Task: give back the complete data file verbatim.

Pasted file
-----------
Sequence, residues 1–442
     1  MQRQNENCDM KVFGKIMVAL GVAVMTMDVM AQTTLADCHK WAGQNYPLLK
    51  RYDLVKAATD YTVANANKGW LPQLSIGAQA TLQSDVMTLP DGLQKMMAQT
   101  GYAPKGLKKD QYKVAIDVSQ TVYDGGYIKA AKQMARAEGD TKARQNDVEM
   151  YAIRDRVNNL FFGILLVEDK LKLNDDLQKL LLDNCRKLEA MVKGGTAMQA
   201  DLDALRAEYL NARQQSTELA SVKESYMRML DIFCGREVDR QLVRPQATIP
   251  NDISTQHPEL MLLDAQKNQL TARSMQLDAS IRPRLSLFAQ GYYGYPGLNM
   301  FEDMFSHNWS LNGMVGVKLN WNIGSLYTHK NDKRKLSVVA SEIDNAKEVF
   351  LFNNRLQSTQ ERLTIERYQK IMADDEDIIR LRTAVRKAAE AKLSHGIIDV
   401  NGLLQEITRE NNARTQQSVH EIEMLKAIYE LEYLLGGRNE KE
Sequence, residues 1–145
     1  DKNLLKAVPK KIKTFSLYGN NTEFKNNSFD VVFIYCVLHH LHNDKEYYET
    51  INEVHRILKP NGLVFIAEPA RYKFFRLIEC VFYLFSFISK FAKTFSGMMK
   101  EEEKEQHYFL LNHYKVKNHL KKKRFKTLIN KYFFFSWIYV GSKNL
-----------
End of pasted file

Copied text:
Sequence, residues 1–442
     1  MQRQNENCDM KVFGKIMVAL GVAVMTMDVM AQTTLADCHK WAGQNYPLLK
    51  RYDLVKAATD YTVANANKGW LPQLSIGAQA TLQSDVMTLP DGLQKMMAQT
   101  GYAPKGLKKD QYKVAIDVSQ TVYDGGYIKA AKQMARAEGD TKARQNDVEM
   151  YAIRDRVNNL FFGILLVEDK LKLNDDLQKL LLDNCRKLEA MVKGGTAMQA
   201  DLDALRAEYL NARQQSTELA SVKESYMRML DIFCGREVDR QLVRPQATIP
   251  NDISTQHPEL MLLDAQKNQL TARSMQLDAS IRPRLSLFAQ GYYGYPGLNM
   301  FEDMFSHNWS LNGMVGVKLN WNIGSLYTHK NDKRKLSVVA SEIDNAKEVF
   351  LFNNRLQSTQ ERLTIERYQK IMADDEDIIR LRTAVRKAAE AKLSHGIIDV
   401  NGLLQEITRE NNARTQQSVH EIEMLKAIYE LEYLLGGRNE KE
Sequence, residues 1–145
     1  DKNLLKAVPK KIKTFSLYGN NTEFKNNSFD VVFIYCVLHH LHNDKEYYET
    51  INEVHRILKP NGLVFIAEPA RYKFFRLIEC VFYLFSFISK FAKTFSGMMK
   101  EEEKEQHYFL LNHYKVKNHL KKKRFKTLIN KYFFFSWIYV GSKNL